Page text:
I’ve explored this roughly 3,000-square-mile region (including Kangaroo Island) countless times since 1979 with my buddy and fellow journalist, Jim Hutchison, who grew up in Adelaide. We have honed an ideal itinerary over the years, often heading here on breaks from book and magazine assignments. It’s one of my favorite places in Australia.
The boot-shaped peninsula, its toes pointing toward Kangaroo Island, can be explored on an activity-packed 125-mile trip on quiet country roads over a long weekend.
We always rent a cottage on one of the wide sand beaches that start in Adelaide so that we can forage in this region of cheesemakers, olive groves and artisan charcuterie-makers, and throw whatever we want on our barbecue with a view — marinated kangaroo steaks being a favorite.
On our last visit in 2014 we chose to stay on Moana Beach, a quiet-during-the-week place with the laid-back Deep Blue Café serving breakfasts of free-range Kangaroo Island eggs opposite the surf life-saving club. We sipped espressos while listening to crashing waves and lorikeets screeching as they flashed red and green among the Norfolk Island pines.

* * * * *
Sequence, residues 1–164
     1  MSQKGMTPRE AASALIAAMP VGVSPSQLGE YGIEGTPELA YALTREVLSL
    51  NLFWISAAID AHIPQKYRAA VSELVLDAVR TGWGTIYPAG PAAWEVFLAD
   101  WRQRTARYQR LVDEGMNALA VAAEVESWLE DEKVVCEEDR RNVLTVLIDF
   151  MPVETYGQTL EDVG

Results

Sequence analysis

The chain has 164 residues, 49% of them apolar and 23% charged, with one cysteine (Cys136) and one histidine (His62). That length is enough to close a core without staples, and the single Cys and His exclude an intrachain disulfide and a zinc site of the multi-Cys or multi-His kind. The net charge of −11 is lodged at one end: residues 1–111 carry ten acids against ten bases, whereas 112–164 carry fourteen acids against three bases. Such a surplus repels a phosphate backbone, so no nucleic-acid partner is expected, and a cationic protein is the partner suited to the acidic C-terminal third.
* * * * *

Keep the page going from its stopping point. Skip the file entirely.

Jim and I spent a week there taking day trips and doing day hikes, starting in wine-rich McLaren Vale, where we always take a morning exploring back roads, a picnic under construction on our back seat. Alexandrina cheeses were plucked fresh from the dairy and warm venison steak pies were scooped up from the butcher in nearby Mount Compass.
Puttering along between grapevines and gum trees, we stopped at cottage producers for smoked trout, warm bread and oysters nestled on ice. We topped off with a bottle of white wine wrapped in a beach towel to keep it frosty.
Then we head to Maslin, our favorite among the dozens of nearby beaches and South Australia’s oldest “unclad” beach. On a quiet stretch of sand we had all to ourselves, we indulged in a gourmet picnic where not just the oysters were au naturel.